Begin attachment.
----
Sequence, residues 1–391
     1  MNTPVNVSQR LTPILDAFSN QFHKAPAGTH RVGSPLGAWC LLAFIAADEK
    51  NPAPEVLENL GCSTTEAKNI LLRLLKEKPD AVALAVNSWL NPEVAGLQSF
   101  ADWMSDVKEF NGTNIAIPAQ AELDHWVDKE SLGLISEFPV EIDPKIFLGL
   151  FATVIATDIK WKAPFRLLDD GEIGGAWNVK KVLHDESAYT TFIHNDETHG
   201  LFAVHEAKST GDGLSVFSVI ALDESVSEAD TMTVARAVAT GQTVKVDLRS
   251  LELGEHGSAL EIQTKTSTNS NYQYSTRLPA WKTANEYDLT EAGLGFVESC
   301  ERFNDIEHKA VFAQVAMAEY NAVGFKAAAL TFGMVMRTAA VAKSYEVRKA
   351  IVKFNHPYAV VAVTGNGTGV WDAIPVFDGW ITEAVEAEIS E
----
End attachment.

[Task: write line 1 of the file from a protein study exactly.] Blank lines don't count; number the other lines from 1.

Sequence, residues 1–391